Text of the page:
“Man in Love” is about many things, but especially about the deceptions we use to survive.
Of the six characters in Christina Anderson’s play, which is receiving its world premiere in a KC Rep production on the Copaken Stage as part of the Origin KC New Works Festival, most are not what they at first seem.
Two characters are African-Americans passing as white; one is a white man living as a woman; another is an ex-con trying to hide his criminal past.
And then there’s the young black library employee — all buttoned-down politeness and decorum — who periodically lets off steam by murdering young women and pasting patches of their skin to his apartment wall.
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In hands less adventurous than Anderson’s, “Man in Love” might have been a conventional mystery about a serial killer stalking an African-American neighborhood during the Great Depression.
But from the first scene in which library worker Paul Pare (Rufus Burns) chattily prepares breakfast for the dead woman lying under his kitchen table, we know the killer’s identity. With that out of the way, Anderson settles down to her real themes: desperation, loneliness, fear of discovery and economic devastation.
When he’s not murdering women, Paul seems a harmless sort. He especially enjoys playing board games with two neighbors.
Darlynn (Dianne Yvette) is an agoraphobic who hasn’t left her apartment in two years. She survives on money sent by her sister, a successful entertainer in France, but that gravy train is ending. She’s fragile and neurotic.
Considerably tougher is Bernice (Bianca Leigh), who throws rent parties to earn cash. Lonely white men show up at her apartment to eat, drink and pick up African-American women. She just scrapes by.
Meanwhile Walker (Michael R. Pauley), fresh out of stir, struggles to find a job. The testimonial letter in his pocket will probably fall apart before he gets a prospective employer to read it.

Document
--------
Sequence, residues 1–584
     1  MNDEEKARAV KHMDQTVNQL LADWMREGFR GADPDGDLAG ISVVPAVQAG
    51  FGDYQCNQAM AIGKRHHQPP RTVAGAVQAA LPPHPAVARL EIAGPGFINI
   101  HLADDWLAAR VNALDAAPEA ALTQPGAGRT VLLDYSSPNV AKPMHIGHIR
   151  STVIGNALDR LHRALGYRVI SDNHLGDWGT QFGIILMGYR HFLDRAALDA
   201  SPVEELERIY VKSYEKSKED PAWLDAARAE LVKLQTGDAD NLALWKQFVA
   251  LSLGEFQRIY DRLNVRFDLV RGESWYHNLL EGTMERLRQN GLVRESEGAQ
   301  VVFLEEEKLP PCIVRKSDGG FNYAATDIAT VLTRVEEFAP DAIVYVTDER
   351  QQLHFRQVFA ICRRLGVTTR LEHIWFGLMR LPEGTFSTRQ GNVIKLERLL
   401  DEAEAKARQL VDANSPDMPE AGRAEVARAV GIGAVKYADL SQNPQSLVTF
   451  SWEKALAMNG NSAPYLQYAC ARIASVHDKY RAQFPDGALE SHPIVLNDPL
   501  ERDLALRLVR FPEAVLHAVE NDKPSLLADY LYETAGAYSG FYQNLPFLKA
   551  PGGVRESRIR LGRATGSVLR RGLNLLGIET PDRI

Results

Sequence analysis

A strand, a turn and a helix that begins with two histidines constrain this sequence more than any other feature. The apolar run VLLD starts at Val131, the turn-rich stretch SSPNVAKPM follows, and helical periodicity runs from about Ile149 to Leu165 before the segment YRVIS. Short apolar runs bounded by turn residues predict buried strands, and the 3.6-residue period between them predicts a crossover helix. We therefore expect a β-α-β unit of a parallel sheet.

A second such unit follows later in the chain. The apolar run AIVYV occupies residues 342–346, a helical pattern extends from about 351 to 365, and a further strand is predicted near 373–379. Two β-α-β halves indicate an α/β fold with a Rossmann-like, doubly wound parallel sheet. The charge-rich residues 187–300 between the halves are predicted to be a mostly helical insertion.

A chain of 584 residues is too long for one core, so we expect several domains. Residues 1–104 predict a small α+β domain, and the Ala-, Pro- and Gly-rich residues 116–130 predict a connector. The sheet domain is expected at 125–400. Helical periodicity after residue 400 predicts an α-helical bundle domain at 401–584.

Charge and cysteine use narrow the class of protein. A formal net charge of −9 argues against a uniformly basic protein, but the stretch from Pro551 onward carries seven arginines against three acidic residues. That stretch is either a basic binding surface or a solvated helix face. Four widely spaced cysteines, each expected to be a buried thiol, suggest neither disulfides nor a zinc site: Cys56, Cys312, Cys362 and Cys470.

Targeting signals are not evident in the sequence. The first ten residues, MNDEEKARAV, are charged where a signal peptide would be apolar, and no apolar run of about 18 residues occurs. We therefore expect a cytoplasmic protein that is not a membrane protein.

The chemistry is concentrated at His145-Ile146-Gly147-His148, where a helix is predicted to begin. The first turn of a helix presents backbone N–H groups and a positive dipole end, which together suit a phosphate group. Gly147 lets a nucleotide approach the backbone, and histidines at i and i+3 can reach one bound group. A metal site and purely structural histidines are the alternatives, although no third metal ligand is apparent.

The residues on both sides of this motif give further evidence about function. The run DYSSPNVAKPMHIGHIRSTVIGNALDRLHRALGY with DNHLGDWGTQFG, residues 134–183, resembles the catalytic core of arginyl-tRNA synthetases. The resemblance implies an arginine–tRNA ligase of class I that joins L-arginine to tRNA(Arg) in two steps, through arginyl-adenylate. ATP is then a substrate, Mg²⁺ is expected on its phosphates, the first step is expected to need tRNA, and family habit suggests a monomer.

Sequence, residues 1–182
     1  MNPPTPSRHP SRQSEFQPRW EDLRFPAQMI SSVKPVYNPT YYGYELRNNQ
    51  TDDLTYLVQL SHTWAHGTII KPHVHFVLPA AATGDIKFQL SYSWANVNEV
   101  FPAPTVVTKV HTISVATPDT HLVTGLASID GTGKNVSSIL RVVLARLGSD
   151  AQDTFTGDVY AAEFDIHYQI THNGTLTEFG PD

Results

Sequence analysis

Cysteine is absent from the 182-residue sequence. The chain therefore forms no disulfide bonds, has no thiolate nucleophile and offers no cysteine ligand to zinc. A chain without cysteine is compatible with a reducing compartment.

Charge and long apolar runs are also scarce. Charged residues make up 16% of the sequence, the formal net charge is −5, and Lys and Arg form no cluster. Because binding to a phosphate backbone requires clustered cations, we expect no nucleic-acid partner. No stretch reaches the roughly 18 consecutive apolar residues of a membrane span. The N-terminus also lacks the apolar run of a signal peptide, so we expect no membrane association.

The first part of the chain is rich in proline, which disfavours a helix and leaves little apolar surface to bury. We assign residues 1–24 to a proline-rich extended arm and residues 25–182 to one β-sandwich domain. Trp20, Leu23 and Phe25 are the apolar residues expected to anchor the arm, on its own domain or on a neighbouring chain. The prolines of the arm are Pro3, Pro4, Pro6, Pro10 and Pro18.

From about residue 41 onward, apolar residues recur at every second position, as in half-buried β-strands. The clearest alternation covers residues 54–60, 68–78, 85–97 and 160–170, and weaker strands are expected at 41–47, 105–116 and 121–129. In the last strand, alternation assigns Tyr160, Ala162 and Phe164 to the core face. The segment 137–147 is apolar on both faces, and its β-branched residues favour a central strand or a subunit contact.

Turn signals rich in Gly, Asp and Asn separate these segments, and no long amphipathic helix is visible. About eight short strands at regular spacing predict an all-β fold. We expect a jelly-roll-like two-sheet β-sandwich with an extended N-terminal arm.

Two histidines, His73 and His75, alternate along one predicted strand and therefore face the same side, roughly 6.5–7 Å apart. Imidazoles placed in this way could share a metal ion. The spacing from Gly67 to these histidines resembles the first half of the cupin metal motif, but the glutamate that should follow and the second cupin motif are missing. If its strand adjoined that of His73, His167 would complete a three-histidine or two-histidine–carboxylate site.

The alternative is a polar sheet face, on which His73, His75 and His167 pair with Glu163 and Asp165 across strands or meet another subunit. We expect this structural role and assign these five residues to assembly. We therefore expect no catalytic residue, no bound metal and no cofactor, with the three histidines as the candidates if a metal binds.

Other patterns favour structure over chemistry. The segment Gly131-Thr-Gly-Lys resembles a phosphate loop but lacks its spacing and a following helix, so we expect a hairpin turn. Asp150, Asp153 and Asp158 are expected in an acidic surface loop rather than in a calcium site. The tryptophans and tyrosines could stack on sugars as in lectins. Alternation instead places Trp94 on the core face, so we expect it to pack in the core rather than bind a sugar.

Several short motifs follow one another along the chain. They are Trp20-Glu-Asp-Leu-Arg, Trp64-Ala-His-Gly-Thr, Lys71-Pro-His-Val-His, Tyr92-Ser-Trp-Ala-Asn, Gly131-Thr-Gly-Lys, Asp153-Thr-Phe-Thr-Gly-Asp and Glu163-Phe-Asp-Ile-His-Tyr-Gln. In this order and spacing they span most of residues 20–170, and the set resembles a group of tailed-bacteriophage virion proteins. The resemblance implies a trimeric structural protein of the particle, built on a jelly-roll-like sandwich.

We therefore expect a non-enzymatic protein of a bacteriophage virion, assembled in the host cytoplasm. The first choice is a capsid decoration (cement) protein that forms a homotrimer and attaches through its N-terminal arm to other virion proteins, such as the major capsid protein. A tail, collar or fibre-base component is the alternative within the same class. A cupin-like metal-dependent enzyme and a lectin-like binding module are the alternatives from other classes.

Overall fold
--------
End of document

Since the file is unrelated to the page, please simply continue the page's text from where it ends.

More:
He’s crashing with his old buddy Leigh (Justin Barron), a broad-faced, friendly and rather shy fellow who has a terrific crush on a nursing student, Hazel (Emily Shackelford).
Leigh is charming in a hapless way, like when he asks Hazel out by doing a rather impressive pantomime routine on the street outside the cafe where she is studying, but he’s having little success. It’s not that Hazel doesn’t like him, but that she won’t let anyone get close, lest they discover her secret, one that could ruin her life.
Anderson and director Marissa Wolf present all these interlocking stories through scenes that flow effortlessly from one to the next on Antje Ellermann’s skeletal set, a series of scaffolding that stand in for buildings.
Some of the dialogue exchanges are quite good, but what you’ll remember most are the creepy monologues of serial killer Paul, who between polite greetings to unseen strangers he encounters on the street, lets his subconscious run free.
There are 206 bones in the human body he informs us, and apparently he’s set his sights on crushing or snapping every one of them. The content of these eerily calm ravings are disturbing enough; even more unsettling is the elegant language he employs to describe his dark obsessions. He’s a poet of mayhem.
“Man in Love” isn’t what you’d call a well-made play. Its effect is more impressionistic than conventionally dramatic. With a running time of just 90 minutes the resolutions of a couple of the story lines feel a bit hurried and pat.
Yet there’s something weirdly compelling about Anderson’s play. It’s hard to pin it down, but “Man in Love” leaves us with a mixed bag of horror and hope.
If you go
“Man in Love” will continue through May 28. Copaken Stage, KC Rep. $35-$59. kcrep.org